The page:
psychological or physical), one form of psychological protection strategy is
dissociation, where the victim experiences the abuse as if it is not happening
to them, but as if they are outside their body watching the scene unfold (like
watching a movie). Dissociative states allow the victim to compartmentalize the
abusive aspects of the relationship in order to focus on the positive
The use of denial and distancing oneself from the abuse are
forms of what is called (cognitive dissonance). In abusive relationships this
means that what is happening to the victim is so horrible, so far removed from
their thoughts and expectations of the world, that it is (dissonant) or "out of
tune" or "at odds" with their pre-existing expectations and reality. Since the
victim feels powerless to change the situation, they rely on emotional
strategies to try to make it less dissonant, to try to somehow make it fit. To
cope with the contradicting behaviors of the abuser, and to survive the abuse,
the person literally has to change how they perceive reality. Studies also show
a person is more loyal and committed to a person or situation that is difficult,
uncomfortable, or even humiliating, and the more the victim has invested in the
relationship, the more they need to justify their position. Cognitive dissonance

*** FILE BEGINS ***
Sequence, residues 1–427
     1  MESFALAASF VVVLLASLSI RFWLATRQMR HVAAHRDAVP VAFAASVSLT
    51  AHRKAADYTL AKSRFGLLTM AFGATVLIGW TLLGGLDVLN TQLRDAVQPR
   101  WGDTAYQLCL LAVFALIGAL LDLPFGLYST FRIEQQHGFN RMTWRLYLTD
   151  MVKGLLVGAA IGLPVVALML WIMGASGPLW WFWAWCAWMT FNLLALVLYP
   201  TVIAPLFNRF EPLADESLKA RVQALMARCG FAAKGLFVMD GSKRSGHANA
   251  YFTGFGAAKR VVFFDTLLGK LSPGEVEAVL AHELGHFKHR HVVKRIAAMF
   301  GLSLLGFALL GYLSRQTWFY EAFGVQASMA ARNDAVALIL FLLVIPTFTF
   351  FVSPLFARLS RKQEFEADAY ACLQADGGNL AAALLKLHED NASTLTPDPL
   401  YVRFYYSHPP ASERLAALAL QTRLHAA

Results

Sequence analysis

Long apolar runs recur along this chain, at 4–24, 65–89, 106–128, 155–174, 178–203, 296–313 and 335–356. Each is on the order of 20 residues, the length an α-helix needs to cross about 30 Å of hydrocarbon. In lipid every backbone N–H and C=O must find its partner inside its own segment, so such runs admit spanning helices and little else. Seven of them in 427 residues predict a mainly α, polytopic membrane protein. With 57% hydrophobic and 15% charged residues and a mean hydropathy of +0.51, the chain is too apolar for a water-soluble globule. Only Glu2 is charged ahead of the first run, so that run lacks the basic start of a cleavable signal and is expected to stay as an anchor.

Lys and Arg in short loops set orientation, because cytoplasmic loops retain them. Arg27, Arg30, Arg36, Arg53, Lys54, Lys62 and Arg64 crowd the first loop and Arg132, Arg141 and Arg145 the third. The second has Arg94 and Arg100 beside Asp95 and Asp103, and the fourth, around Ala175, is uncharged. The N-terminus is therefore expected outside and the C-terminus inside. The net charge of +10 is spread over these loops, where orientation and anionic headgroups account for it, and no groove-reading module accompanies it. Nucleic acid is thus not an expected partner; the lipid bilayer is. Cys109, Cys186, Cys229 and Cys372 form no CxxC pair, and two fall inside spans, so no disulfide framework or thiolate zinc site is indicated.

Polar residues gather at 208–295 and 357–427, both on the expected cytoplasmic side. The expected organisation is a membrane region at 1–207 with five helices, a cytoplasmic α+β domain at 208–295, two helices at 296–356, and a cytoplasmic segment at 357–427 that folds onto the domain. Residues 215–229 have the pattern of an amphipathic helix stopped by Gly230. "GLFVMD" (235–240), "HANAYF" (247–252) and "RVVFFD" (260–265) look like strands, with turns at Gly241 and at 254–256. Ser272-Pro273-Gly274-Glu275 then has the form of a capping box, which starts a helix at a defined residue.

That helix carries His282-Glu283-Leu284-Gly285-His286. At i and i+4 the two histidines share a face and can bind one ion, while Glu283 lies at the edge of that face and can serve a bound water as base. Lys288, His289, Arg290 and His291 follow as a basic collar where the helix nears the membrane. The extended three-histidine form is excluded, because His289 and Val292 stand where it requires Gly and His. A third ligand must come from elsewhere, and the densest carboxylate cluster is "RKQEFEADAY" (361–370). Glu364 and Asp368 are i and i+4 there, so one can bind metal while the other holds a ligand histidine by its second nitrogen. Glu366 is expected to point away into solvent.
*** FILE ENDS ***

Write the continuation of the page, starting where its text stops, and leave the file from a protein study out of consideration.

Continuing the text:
is a powerful (self-preservation) mechanism which can completely distort and
override the truth, with the victim developing a tolerance for the abuse and
(normalizing) the abusers behavior, despite evidence to the
(4). The victim masks that the abuse is happening, may not have
admitted it to anyone, not even themselves.
Trauma bonding makes it
easier for a victim to survive within the relationship, but it severely
undermines the victims self-structures, undermining their ability to accurately
evaluate danger, and impairs their ability to perceive of alternatives to the
Once a trauma bond is established it becomes extremely
difficult for the victim to break free of the relationship. The way humans
respond to trauma is thought to have a biological basis and reactions to trauma
was first described a century ago, with the term (railroad spine) being used.
Another term used has been (shell shocked).
Victims overwhelmed with
terror suffer from an overload of their system, and to be able to function they
must distort reality. They often shut down emotionally, and sometimes later
describe themselves as having felt (robotic) intellectually knowing what
happened, but feeling frozen or numb and unable to take action. A victim must
feel safe and out of (survival mode) before they will be able to make cognitive
Many victims feel the compulsion to tell and retell the events
of the trauma in an attempt to come to terms with what happened to them and to
try to integrate it, reaching out to others for contact, safety, and stability.
Other victims react in an opposite manner, withdrawing into a shell of
self-imposed isolation. The trauma bond can persist even after the victim leaves
the relationship, with it sometimes taking months, or even years, for them to
completely break the bond.